When I look back on my recent road trip to Ballarat, and viewing the various Core and Fringe exhibitions at the Ballarat International Foto Biennale 2015 (BIFB 15), what stands out for me is both my disappointment in a lot of the work exhibited in the Biennale’s Core, and my pleasure in beginning to scope the silo project.
I found that most of the work in the core programme, with a couple of exceptions (the work of Stephen DuPont and Jane Long’s Dancing with Costica) was over-produced in the sense of being overworked and almost candy like. Was it the heavy hand of commercial work that influenced the style of the work in the exhibitions? There were a large number of commercial photographers doing art photography at the Biennale –and the imagery was generally oversaturated, the colour hyped and the subject matter over-lit. An example of this over-processing is the Phillip Island: A Visual Memory’ by the Melbourne photographer Richard Millot. Surprisingly this work was done in the late 1980s using film technology.
Or is this hyper-reality a house-style of the contemporary photographic biennale’s these days? There is a growing trend in photography towards this kind of imagery. A good example was Pang Xiangliang’s Drilling Workers at the Daqing oilfield in China that was exhibited at the Trades Hall. The content was very powerful–some were stunning— but this was undercut by the way the images had been post processed. They were over-sharpened, and processed with what looked like HDR. The subject matter did not need this kind of post-processing, which sapped the life out of the images. Like others, I also found that the extra level of detail in tones that HDR creates for a digital visual file to be visually distracting. The overall effect this post-processing caused was that I bounced out of the images rather than went inside them. I just gave looking closely at all the images and looked at the photographic books instead.
The biennale is novel kind of cultural space, which has established itself beyond the university, but also largely outside of the art gallery. It presents itself as global, transnational and transcultural, thus claiming a universalist model of the exhibition and it gives the pivotal place to the curator for the exhibition. The Ballarat International Foto Biennale (BIFB), is now a member of both the Asia-Pacific PhotoForum and the world-wide photography festival grouping, the Festival de la Luz (Festival of Light). However, I haven’t seen much analysis of exhibitions in Biennales in connection with other exhibitions in Biennales—each Biennale tends to be treated singularly, as I am doing here.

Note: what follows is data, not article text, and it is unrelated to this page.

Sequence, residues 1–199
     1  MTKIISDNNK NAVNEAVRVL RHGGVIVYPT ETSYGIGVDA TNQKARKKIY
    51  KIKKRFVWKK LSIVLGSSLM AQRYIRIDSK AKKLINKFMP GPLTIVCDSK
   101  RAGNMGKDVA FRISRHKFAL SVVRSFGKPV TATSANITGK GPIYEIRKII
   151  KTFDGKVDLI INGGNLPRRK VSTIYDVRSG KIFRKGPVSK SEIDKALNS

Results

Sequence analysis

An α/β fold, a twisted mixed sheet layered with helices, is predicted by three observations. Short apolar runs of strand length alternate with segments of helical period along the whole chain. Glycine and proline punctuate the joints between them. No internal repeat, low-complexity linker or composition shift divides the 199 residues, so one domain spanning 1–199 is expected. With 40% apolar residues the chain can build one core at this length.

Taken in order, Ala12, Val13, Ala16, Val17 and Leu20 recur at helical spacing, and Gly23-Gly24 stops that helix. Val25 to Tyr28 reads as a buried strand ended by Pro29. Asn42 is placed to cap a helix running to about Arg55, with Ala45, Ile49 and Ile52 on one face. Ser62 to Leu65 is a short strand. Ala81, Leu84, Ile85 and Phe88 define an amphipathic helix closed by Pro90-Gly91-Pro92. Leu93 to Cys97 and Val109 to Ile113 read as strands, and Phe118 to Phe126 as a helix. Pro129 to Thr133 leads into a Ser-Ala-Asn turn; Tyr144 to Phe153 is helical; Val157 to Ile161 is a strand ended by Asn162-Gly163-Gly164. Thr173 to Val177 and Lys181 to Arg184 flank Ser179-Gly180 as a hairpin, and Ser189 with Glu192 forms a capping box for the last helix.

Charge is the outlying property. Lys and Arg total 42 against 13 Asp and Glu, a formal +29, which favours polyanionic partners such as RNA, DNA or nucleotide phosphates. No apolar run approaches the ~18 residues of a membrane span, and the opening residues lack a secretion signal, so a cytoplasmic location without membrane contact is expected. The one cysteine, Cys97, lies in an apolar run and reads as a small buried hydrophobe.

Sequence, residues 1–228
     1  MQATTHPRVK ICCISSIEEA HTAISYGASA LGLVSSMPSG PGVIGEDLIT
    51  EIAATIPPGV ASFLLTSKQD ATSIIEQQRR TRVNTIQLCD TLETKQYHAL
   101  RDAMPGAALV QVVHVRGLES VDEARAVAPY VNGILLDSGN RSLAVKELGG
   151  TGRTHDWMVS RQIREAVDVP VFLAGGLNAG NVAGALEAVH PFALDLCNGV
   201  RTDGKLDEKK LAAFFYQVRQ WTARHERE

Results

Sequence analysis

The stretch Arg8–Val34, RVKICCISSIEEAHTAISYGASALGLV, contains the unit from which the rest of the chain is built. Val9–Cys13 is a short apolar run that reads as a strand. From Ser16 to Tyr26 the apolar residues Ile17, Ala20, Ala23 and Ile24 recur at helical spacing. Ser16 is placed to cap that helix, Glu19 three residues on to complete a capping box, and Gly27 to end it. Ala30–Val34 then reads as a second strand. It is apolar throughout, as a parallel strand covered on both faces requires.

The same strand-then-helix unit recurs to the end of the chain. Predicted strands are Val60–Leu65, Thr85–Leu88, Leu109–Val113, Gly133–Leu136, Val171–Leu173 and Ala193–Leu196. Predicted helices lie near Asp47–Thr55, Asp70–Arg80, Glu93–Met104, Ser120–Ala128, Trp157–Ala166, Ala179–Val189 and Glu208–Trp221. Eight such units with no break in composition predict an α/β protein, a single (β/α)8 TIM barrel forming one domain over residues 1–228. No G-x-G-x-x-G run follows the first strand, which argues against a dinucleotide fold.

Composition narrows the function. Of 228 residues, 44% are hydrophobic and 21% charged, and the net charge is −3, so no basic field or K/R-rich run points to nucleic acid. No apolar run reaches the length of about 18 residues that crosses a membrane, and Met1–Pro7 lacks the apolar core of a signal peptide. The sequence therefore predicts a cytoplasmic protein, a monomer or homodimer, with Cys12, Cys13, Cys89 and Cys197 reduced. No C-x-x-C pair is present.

silo, Talem Bend
Prior to seeing the core programme of the Biennale I was tossing up whether to do the silo project in colour using a 5×7 monorail or in black and white using an 8×10 Cambo. My experience of viewing the Biennale’s exhibitions has persuaded me to decide to do the silo project in black and white rather than colour, as the silos in colour in the early morning or late afternoon would look too candy like (too picture post cardy).
The ‘contemporary’ in contemporary art often suggests a qualification of the modernity rather than a counter to the modern. The counter to a now historical (Greenberg-style) modernism was postmodernism, with postmodernism marking a critical distance from modernism. For some reason postmodernism died into history’s dustbin, and it has been replaced by contemporary art, which is what now regulates the division between the past and present in the present.
What then is contemporary art, and where does photography fit?
Some say that it is art works produced now that offer a fresh perspective and point of view, and often employing new techniques and new media. The fresh perspective is that contemporary art challenges what was before and hints that there is more to come. It should confront prevailing notions as well as being seen as interesting, exciting, significant and fresh.
Mt. Lyell mine, Gormanston
The term ‘contemporary art’ is usually associated with the break with the prevailing object-based and medium specific art that emerged in the 1960s and the sheer diversity of forms after the end of the Cold War in 1989. It draws on the legacy of the conceptual art of the 1960, whose historical significance was its rejection of the over-valuation of the aesthetic dimension of art in Greenbergian formalism, but it is post-conceptual in that it understands both that art is necessarily conceptual and that its aesthetic dimension is ineliminable because its materiality means that it exists in time and space.
Contemporary art also exceeds or ruptures the historically received conventions that had previously defined the various artistic mediums, and the emergence of the global transnationalization of the biennale as an exhibition form. Hence the idea of the de-bordering of arts as medium and the de-bordering of the national spaces of art.